Philosophical Anathema

Philosophical Anathema

The danger within this post is that you may surmise me to be a cold, logical rationalist.

I don’t believe I am anything of the sort, but that may be for you to decide.

When you look up into the sky on a clear evening, what do you see? If you cannot see anything, that may be the first problem.  Perhaps you need your glasses on, or cleaned, but more likely, your vision of the Heavens is obscured by an inordinate amount of light pollution.

Hopefully you see stars.  More hopefully, you see a lot of stars. They are amazing.  And through most of Man’s history, they were a great mystery, surpassed only by the mystery of mortality.

Along with the stars, closer to our own solar system you may see the Moon, as well as the bright planets Venus, Mars, Jupiter, and Saturn. If you peer deeper, you might see nebulae within the Milky Way Galaxy. Those in the darkest nights will also see the arms of the galaxy itself.

When you look upon all the delights above, what do you think?  What do you feel?

The night sky is remarkable, stirring thoughts of wonder and possibilities, invoking the imagination and likely, if you gaze long enough, forcing you to ask questions about your place in the universe.

You would not be alone in your reactions.  Many around the world are touched by the same impressions.  Undoubtedly, this cadence has endured for millennia, before recorded time.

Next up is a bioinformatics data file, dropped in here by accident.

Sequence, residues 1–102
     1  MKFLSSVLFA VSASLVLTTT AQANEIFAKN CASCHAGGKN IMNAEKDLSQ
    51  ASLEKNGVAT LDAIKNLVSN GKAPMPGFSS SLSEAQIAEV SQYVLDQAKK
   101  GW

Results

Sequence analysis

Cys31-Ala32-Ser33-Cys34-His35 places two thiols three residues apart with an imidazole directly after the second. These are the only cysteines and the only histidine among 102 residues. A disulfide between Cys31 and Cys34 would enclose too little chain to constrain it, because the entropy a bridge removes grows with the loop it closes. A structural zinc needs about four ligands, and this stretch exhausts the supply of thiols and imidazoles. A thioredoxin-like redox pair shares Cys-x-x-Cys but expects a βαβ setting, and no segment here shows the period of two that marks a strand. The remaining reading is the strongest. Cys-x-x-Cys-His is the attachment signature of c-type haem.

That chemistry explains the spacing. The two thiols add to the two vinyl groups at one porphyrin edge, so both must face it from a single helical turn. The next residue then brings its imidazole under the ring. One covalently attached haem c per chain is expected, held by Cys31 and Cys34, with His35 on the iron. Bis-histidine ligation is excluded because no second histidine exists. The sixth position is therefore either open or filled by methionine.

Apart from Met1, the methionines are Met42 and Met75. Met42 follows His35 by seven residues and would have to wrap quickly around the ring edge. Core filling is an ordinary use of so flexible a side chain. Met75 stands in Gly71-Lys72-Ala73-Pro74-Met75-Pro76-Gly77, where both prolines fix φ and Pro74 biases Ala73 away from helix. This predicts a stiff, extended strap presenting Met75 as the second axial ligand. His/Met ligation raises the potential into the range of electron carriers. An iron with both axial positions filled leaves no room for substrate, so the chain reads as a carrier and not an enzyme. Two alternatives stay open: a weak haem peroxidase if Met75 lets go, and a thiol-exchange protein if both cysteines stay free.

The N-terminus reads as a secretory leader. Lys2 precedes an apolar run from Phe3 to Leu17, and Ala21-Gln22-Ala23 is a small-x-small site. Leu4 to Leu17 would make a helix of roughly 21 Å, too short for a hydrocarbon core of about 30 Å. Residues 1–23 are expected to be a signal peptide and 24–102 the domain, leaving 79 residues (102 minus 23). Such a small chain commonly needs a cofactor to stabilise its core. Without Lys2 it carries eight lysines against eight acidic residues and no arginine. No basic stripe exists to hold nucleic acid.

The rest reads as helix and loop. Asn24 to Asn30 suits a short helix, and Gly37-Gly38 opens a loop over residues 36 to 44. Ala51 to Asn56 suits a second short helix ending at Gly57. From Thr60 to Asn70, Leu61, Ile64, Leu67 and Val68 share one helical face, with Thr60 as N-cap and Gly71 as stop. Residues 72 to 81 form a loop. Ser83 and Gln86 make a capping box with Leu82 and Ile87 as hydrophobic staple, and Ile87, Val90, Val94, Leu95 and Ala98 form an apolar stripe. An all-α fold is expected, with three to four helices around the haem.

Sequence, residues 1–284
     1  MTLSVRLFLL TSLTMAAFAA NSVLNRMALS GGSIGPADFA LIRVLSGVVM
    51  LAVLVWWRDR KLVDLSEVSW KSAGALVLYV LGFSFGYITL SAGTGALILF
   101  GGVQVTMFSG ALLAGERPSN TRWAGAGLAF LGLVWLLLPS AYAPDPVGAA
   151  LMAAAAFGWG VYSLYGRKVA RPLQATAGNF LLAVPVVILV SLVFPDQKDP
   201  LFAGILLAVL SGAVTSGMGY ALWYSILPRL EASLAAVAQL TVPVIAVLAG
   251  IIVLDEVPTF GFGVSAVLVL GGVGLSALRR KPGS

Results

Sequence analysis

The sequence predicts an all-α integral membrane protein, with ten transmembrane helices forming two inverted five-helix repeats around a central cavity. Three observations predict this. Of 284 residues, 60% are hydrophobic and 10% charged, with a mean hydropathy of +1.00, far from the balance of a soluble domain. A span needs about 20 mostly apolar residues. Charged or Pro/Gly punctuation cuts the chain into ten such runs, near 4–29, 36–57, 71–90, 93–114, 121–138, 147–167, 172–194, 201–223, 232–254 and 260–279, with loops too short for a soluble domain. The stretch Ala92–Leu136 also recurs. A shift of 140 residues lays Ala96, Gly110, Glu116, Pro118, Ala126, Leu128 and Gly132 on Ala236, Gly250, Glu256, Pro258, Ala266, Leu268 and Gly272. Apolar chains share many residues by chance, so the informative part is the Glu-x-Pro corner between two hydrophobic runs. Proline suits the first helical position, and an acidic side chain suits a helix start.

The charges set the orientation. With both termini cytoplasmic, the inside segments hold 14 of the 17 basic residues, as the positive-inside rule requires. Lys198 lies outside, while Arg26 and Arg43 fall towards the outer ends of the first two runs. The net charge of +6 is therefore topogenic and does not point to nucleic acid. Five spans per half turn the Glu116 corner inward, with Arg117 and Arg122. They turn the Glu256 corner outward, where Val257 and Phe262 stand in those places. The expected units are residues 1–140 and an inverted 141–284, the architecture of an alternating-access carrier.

On one level, looking into the Heavens is a deeply personal experience, especially when you are alone, at night, with only the scant sounds of nature interrupting your privacy along with the occasional gust of wind.

On another level, it can be overwhelming, to see all that there is above, way beyond Earth, indeed for all these wonders to exist irrespective of your own life.

Aren’t we all connected?  Are we not of this planet, this solar system, this galaxy, this universe?  Shouldn’t that connection have larger meaning?

The human mind struggles with these questions.  It is difficult, if not impossible, to contemplate how so much, in fact effectively all, of the universe has existed for billions of years in the absence of you, and will continue on long after your life on Earth has ended, after the Earth itself is gone, the Sun expired, to the true end times when the galaxies produce no more light and the only matter left to decay are protons.  These are disturbing realizations, when you put your mind to the philosophical task.

The Sun will continue to shine and burn regardless of whether we or Earth, or any of the other nearby planets, continue to exist.  Jupiter and Saturn remain on their perpetual courses with little-to-no influence from the inner planets.  And the Milky Way Galaxy, of which our Sun is one star among billions, shall remain and continue on long after our Sun burnt its last hydrogen fuel.

Where do we humans fit into the universe’s grand scheme?